"We are by these Considerations emboldened, yea even constrained with so much the more Importunity, to renew our former humble Petition, for the keeping of all scandalous Persons from this Sacrament; (fn. *) and which we conceive, as in all the former respects, very necessary, most reasonable, and consonant to those Things which have already passed the Judgement and Vote of the Honourable Houses; for, if any scandalous Sins deserve Abstention, then likewise all other scandalous Sins do lie under the same Demerit; and, by Parity of Reason, should undergo the like Censure; and this is certainly most conform to the general Practice and Judgement of the Churches of God, both ancient and modern; for albeit there may be, amongst learned and pious Men, Difference of Judgement, touching the particular Kind and form of Ecclesiastical Polity, and some particular Parts and Officers thereunto belonging, yet in this one Point there is a general Consent, that, as Christ hath ordained a Government and Governors in His Church, in His Name, and according to His Will, to order the same, so One special and principal Branch of that Government is, to seclude from Ecclesiastical Communion such as shall publicly scandalize and offend the Church of God, that, thereby being ashamed and humbled, they may be brought to Repentance, and glorify God in the Day of Visitation.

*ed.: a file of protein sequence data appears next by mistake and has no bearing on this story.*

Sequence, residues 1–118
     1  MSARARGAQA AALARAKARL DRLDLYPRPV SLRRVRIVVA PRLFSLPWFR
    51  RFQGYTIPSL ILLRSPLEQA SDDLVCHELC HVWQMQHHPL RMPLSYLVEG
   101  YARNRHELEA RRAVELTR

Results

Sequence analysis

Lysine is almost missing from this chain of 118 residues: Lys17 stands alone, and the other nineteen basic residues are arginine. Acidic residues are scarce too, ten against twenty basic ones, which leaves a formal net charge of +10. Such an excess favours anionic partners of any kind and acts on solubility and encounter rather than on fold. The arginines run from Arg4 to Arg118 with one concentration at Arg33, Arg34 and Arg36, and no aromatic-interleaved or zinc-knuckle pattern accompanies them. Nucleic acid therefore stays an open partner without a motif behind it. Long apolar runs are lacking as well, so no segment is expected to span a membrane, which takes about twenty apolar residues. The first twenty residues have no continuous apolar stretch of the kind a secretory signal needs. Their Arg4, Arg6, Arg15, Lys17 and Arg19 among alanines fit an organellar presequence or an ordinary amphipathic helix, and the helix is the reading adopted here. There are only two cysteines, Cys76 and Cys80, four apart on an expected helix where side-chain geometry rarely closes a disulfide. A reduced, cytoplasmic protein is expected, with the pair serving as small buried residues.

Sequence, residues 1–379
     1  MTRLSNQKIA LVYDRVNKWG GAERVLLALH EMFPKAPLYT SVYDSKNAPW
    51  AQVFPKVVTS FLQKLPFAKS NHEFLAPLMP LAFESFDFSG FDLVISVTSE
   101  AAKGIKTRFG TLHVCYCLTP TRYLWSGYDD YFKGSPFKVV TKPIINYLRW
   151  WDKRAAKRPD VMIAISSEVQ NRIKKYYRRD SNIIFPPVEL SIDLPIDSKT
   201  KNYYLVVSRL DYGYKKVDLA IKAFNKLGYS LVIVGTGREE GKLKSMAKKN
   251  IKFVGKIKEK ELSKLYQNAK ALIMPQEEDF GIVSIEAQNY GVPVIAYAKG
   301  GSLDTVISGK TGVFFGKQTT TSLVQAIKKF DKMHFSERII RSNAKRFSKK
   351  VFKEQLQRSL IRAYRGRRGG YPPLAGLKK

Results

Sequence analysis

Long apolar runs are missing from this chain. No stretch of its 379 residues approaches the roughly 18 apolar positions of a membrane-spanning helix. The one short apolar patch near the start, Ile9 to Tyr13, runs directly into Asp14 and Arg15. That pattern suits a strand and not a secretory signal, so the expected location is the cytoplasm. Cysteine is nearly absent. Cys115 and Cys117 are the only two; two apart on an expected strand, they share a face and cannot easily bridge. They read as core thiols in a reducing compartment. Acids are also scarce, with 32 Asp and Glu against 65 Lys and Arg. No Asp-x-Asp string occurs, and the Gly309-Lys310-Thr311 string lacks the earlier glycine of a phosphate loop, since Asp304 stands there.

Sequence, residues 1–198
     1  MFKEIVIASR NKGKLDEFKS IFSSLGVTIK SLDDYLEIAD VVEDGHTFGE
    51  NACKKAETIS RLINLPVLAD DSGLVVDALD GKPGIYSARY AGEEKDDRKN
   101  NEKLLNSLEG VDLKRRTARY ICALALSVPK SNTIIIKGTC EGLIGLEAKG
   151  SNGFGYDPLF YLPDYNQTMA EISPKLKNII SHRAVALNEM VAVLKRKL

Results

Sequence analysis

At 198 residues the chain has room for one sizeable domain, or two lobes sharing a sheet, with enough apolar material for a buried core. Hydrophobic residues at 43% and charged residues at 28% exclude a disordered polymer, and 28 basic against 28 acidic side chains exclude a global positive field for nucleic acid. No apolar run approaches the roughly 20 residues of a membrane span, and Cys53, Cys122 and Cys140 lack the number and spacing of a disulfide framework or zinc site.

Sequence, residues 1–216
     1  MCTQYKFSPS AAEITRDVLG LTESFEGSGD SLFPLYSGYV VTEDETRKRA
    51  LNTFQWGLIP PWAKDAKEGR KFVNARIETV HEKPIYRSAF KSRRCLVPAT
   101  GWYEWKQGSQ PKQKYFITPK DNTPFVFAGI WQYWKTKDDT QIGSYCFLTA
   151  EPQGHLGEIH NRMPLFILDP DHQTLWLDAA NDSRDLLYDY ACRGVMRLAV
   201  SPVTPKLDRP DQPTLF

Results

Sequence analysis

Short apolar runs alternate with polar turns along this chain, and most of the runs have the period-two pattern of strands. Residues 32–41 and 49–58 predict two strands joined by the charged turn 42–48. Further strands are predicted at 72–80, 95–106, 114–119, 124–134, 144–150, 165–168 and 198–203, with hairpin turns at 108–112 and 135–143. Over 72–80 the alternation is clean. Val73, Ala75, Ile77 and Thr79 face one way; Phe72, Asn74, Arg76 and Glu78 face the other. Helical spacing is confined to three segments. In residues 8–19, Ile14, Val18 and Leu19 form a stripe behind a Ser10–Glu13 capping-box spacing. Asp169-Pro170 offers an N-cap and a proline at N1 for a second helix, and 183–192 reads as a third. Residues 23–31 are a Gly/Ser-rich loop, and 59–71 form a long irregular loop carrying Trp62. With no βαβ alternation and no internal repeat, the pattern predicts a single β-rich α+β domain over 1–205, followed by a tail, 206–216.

"Nor do we find that there hath been any great Doubt or Question made thereof in the Church, until Erastus, a Physician, who by his Profession may be supposed to have had better Skill in curing of the Diseases of the Natural, than the Scandals of the Ecclesiastical Body, did move the Controversy.